that y'all are getting. There seems to be less than a couple
hundred dollars difference between 950, 880, and 990 so, is there a
clear choice for closeup jewelry use? The 880 gets to 1.8" while
the 900's get to 0.8". I haven't seen any 880 jewelry examples
yet. The only advantage(?) that I see between the 950 & 990 is USB
interface to PC and that has nothing to do with jewelry.
If they are all in the same price range I would go with the 990. I
got a 950 in December because it was $300 cheaper than the 990. The
main difference is that the 990 is a 3.x megapixal and the 950 is a
2.x megapixel. The USB is a nice addition, but I do all my transfers
through a PCMCIA card or an external USB adapter. Both the 900’s
have more advanced features than the 800’s. I have found that the
spot metering on the 950 is the best for my images.
Some more info:
http://www.steves-digicams.com/ is one of the best resources I have
found. They have detailed reviews on most cameras and accessories.
I got four accessories at CKC Power http://ckcpower.com/ that I think
are a must.
AC adapter (about $25) more than pays for itself. Works great in
studio setup giving constant power without worrying about batteries
Battery charger - MH-C204F - charger, 4 1550 AA and car adapter
for just $33.80. If you don’t always use AC power then get these.
Most new cameras will eat alkaline batteries in a few hours.
A remote shutter release cable bracket. This was needed for the
900’s because there is no way to fit a remote release cable to the
camera and for some stupid reason Nikon designed the macro function
and timer on the same control. When shooting macro work on a tripod
you really need to use a time delay or a remote release cable to
avoid camera shake when you press the shutter release button. Many
cameras have a time delay that is independent of other vital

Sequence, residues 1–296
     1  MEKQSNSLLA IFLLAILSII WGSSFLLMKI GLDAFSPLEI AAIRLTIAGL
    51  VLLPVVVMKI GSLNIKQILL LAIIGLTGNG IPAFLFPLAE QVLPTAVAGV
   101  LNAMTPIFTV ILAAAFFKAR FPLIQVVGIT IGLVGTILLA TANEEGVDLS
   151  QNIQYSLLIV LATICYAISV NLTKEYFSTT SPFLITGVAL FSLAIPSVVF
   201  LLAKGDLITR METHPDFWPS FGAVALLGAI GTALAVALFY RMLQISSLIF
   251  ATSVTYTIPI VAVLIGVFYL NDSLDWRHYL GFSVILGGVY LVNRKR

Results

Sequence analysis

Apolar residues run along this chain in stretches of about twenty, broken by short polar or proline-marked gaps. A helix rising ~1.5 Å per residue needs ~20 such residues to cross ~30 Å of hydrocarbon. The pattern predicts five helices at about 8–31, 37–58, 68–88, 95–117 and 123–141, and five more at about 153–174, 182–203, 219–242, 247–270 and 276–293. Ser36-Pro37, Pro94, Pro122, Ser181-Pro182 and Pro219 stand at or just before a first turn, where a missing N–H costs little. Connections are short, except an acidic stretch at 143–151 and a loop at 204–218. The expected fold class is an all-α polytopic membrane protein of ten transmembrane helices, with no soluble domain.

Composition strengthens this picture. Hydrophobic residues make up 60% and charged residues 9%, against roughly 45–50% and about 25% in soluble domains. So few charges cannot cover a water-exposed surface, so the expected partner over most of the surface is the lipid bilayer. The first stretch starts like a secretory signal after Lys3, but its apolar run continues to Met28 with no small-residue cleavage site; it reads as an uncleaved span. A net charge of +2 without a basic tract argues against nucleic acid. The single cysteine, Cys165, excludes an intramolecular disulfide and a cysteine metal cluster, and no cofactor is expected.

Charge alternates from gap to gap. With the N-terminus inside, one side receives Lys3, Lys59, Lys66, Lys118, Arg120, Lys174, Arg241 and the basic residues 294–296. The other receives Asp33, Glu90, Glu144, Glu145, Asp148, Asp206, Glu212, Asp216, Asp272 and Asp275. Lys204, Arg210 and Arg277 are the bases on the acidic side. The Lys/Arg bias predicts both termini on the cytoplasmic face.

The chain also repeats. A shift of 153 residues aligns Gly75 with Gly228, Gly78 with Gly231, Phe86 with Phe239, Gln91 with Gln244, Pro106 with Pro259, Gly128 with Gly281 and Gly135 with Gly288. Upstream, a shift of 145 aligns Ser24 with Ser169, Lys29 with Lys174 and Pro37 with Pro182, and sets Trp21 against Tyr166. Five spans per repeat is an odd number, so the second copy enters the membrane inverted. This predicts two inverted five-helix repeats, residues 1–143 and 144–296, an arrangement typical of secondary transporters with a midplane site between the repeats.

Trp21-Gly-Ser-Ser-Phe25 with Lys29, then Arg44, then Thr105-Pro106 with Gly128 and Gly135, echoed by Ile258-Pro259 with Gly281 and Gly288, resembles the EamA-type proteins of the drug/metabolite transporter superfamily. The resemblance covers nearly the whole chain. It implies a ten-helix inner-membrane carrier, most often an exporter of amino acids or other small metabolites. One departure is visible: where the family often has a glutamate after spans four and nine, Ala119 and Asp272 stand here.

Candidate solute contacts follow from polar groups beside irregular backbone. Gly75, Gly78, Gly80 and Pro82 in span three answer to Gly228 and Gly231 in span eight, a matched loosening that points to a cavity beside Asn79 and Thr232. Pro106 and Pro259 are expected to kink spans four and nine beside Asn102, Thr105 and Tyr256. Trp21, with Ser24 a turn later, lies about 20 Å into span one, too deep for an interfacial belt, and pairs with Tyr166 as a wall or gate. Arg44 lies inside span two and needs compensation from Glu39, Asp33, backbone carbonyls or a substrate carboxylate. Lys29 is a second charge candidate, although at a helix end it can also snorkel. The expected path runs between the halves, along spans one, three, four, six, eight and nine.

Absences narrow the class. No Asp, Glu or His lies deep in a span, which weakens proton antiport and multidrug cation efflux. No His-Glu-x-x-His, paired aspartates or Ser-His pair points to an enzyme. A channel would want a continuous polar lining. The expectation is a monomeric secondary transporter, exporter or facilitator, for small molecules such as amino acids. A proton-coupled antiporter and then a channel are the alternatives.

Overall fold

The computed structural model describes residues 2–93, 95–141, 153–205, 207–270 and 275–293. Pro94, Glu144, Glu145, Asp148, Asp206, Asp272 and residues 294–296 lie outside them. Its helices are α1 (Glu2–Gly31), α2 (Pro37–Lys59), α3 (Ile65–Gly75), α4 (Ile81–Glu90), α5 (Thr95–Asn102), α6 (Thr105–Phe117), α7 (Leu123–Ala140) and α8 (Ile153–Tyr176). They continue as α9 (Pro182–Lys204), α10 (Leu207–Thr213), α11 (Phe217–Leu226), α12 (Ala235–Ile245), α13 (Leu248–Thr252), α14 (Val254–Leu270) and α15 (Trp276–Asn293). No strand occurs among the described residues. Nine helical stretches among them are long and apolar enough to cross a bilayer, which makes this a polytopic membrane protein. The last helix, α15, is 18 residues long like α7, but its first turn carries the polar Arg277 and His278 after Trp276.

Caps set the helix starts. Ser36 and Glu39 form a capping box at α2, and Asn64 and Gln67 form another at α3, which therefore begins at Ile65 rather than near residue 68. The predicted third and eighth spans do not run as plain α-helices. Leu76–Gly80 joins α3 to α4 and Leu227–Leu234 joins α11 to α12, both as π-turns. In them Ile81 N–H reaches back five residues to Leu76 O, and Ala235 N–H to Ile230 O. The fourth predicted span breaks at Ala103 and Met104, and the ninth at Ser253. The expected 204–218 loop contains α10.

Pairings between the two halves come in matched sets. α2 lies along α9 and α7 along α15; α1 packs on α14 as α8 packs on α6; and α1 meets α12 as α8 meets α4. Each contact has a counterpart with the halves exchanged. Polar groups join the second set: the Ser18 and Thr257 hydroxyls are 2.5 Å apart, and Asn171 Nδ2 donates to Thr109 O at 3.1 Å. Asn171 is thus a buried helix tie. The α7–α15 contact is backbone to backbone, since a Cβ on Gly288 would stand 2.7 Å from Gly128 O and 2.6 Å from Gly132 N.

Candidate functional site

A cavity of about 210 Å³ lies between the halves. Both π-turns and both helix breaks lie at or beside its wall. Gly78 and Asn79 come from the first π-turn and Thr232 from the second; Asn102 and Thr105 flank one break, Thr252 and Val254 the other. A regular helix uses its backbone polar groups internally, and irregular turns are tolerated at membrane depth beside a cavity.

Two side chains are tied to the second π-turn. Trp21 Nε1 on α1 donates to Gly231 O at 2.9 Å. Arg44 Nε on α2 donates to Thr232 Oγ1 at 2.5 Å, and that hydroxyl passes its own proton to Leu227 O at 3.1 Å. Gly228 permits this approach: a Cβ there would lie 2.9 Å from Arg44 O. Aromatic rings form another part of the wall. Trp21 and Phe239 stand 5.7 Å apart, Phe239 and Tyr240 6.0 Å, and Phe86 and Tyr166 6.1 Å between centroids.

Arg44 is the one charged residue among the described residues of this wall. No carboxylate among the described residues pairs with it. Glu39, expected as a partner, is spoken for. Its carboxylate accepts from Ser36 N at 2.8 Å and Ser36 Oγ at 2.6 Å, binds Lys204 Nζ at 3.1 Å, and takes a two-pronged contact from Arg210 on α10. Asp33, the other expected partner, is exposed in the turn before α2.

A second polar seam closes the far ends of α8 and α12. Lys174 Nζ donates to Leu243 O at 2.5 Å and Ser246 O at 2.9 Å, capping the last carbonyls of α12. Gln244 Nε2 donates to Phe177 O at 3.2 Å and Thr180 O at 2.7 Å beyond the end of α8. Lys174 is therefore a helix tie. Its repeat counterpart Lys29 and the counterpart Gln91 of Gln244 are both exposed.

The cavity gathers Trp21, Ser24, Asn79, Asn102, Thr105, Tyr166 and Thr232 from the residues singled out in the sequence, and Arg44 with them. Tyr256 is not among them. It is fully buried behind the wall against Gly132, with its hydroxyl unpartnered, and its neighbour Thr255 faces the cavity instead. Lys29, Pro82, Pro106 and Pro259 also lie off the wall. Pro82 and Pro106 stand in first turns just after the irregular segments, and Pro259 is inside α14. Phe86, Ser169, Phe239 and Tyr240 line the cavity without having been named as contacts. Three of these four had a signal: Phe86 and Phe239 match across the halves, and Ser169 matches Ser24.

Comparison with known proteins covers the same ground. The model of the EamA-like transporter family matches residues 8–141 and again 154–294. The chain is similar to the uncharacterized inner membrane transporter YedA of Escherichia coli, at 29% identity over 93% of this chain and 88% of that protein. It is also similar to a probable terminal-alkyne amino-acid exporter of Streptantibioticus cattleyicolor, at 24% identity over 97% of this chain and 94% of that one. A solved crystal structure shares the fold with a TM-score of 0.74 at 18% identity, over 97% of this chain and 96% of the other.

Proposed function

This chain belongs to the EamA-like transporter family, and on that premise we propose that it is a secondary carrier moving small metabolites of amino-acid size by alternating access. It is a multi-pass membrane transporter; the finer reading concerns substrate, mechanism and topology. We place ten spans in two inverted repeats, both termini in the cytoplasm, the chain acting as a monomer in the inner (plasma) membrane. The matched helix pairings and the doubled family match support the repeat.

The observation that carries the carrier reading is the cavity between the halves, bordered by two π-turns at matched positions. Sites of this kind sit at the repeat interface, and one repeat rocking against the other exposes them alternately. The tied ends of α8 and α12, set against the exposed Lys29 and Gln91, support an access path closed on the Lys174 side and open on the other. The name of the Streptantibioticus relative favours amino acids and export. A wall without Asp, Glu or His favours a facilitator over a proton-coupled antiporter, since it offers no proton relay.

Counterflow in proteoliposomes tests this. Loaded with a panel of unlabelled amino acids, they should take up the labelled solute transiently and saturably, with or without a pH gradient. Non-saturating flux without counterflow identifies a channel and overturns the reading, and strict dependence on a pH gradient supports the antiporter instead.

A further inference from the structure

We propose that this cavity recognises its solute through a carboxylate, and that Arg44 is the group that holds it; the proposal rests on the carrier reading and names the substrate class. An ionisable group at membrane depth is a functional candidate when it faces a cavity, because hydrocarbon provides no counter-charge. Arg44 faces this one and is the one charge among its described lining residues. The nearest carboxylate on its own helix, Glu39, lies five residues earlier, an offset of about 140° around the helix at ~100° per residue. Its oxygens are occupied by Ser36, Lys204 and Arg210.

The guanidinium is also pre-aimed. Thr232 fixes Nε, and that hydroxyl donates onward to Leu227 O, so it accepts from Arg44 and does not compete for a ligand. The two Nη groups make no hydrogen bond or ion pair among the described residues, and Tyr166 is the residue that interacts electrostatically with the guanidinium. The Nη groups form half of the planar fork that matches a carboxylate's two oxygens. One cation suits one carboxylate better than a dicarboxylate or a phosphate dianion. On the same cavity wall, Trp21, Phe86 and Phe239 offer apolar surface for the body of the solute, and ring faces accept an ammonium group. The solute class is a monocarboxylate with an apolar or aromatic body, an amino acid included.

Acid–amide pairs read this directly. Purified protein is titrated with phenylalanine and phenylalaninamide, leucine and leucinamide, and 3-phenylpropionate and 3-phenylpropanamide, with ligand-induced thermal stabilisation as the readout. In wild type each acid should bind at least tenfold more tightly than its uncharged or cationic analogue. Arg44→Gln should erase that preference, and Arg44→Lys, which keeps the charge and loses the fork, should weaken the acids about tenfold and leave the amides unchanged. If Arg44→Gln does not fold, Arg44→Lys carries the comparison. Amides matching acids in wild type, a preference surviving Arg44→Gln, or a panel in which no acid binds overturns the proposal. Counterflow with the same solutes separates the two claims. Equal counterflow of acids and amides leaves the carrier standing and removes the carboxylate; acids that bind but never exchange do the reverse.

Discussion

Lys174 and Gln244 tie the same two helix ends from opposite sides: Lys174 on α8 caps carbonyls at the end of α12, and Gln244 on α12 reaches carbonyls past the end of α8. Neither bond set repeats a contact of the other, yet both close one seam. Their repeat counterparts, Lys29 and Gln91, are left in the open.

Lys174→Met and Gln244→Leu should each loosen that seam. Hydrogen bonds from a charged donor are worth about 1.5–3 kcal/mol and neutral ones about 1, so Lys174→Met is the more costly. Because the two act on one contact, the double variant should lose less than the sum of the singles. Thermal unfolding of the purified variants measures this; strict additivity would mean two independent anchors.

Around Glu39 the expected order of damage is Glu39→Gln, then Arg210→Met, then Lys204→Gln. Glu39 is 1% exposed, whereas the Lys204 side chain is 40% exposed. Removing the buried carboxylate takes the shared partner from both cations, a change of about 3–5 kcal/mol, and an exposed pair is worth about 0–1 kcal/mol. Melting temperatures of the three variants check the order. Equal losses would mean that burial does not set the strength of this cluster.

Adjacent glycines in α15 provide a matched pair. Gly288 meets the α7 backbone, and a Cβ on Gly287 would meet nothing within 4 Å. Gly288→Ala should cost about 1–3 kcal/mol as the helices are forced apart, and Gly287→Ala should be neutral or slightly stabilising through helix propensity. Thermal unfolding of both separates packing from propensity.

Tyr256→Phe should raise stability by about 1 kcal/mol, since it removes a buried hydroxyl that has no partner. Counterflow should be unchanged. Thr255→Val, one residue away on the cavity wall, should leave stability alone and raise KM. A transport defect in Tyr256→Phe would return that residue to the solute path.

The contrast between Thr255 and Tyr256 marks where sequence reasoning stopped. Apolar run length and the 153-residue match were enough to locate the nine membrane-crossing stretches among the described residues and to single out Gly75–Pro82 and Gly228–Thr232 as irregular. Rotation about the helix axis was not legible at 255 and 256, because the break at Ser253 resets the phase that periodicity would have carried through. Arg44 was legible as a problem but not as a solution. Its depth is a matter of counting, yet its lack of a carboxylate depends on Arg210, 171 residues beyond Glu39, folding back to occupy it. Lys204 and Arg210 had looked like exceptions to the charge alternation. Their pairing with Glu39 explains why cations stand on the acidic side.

functions so you may not need a shutter release cable.
64MB Memory card. You will need at least a 32MB card to store a
reasonable number of images. A full resolution TIFF file from a 2.x
Megapixal camera is 6+ MB and most cameras only ship with a 8MB card.
I use the next quality down and the images range from 700KB to 1MB
You will probably also want to get an adapter to help transfer the
card contents to your computer. Compact Flash cards can be inserted
into a PCMCIA or PC Card adapter ($10-$15) that can be read by
laptops and some desktops. This is what I use. I place the card
into my laptop and it is recognized as a removable hard drive. The
30-40MB of images transfer in under a minute. There are also Serial,
Parallel, and USB readers for Compact Flash cards. These would hook
up to a spare port on your computer and you can transfer the files
from the card. I recommend using USB if you have it available.
You can also use a cable to transfer directly from the camera to your
computer. A camera with USB built in is much quicker than a serial
connection. Direct transfers also drain batteries quickly. I don’t
like this method because I would have to bring the camera and AC
adapter in from the studio and plug it in to do the transfer instead
of just carrying the card. Dropping was the killer of my last
camera. I keep my new one securely on the tripod in the studio.
Shining Moon Creations